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A Journey to the Interior of the Earth

The Enemy To Be Starved Into Submission
"He is gone!" cried Martha, running out of her kitchen at the noise of the violent
slamming of doors.
"Yes," I replied, "completely gone."
"Well; and how about his dinner?" said the old servant.
"He won't have any."
"And his supper?"
"He won't have any."
"What?" cried Martha, with clasped hands.
"No, my dear Martha, he will eat no more. No one in the house is to eat anything at all.
Uncle Liedenbrock is going to make us all fast until he has succeeded in deciphering an
undecipherable scrawl."
"Oh, my dear! must we then all die of hunger?"
I hardly dared to confess that, with so absolute a ruler as my uncle, this fate was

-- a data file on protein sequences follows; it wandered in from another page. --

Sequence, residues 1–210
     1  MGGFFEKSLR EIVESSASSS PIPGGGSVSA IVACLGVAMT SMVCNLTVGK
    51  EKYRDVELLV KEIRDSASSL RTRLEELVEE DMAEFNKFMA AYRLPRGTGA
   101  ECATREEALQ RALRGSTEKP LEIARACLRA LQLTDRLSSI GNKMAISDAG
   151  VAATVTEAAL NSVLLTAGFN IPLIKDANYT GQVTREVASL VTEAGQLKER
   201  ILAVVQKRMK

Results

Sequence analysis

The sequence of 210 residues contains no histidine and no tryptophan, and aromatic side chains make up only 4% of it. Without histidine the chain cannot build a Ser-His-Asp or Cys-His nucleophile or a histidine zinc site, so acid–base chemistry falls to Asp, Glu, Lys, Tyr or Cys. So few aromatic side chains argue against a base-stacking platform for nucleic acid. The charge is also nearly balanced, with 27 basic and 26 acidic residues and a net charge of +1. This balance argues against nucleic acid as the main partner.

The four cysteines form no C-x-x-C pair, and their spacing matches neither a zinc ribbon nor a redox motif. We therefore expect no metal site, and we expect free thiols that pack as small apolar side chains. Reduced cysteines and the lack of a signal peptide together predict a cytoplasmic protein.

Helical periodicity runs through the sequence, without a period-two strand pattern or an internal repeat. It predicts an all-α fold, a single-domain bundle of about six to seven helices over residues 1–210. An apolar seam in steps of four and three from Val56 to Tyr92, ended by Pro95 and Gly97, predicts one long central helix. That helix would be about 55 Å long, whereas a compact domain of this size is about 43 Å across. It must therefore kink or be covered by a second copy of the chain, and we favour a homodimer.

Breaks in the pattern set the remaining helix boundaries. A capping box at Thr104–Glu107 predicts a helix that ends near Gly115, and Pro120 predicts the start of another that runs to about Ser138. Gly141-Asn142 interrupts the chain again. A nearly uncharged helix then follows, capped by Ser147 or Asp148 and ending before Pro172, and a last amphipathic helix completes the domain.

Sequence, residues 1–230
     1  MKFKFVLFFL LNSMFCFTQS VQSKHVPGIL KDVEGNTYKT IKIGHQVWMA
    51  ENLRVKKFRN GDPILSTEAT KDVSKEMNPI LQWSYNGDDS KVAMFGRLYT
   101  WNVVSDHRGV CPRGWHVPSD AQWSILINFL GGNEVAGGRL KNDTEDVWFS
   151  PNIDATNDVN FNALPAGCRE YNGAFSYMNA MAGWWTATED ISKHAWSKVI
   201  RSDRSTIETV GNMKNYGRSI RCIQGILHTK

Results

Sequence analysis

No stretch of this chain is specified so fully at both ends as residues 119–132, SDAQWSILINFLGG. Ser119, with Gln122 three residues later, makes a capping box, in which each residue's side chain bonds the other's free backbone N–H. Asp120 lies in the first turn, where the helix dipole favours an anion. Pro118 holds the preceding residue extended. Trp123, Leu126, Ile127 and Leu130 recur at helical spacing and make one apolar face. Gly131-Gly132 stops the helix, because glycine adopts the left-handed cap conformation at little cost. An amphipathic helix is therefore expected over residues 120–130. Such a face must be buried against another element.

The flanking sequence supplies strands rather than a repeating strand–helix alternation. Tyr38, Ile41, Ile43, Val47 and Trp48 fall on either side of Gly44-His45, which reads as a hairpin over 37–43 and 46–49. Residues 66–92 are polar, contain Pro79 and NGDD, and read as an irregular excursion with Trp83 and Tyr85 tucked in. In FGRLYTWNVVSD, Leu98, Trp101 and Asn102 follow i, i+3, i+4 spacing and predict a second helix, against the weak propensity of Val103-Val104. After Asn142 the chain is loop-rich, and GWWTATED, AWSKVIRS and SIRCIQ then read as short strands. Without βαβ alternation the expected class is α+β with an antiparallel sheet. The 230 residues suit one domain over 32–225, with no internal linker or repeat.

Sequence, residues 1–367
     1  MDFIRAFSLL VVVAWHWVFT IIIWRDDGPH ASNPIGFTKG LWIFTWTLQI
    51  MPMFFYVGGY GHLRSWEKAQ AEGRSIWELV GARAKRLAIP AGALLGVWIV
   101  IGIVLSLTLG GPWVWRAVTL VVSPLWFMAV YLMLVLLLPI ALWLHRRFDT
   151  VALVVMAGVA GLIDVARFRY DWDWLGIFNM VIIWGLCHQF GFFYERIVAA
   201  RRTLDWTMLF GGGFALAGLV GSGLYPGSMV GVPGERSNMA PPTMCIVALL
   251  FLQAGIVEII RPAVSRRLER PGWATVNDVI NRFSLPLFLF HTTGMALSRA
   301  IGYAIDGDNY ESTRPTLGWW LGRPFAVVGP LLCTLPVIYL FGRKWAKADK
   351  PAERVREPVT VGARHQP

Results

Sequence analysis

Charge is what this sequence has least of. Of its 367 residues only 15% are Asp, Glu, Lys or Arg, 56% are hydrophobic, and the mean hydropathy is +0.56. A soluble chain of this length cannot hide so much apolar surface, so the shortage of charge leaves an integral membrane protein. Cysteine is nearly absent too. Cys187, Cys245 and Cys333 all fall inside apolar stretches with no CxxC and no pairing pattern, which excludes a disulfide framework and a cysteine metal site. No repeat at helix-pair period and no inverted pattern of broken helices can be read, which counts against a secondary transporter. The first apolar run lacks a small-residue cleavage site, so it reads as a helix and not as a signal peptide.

inevitable.
The old servant, visibly moved, returned to the kitchen, moaning piteously.
When I was alone, I thought I would go and tell Grauben all about it. But how should I be
able to escape from the house? The Professor might return at any moment. And suppose
he called me? And suppose he tackled me again with this logomachy, which might vainly
have been set before ancient Oedipus. And if I did not obey his call, who could answer
for what might happen?
The wisest course was to remain where I was. A mineralogist at Besancon had just sent
us a collection of siliceous nodules, which I had to classify: so I set to work; I sorted,
labelled, and arranged in their own glass case all these hollow specimens, in the cavity of
each of which was a nest of little crystals.
But this work did not succeed in absorbing all my attention. That old document kept
working in my brain. My head throbbed with excitement, and I felt an undefined
uneasiness. I was possessed with a presentiment of coming evil.
In an hour my nodules were all arranged upon successive shelves. Then I dropped down
into the old velvet arm-chair, my head thrown back and my hands joined over it. I lighted
 
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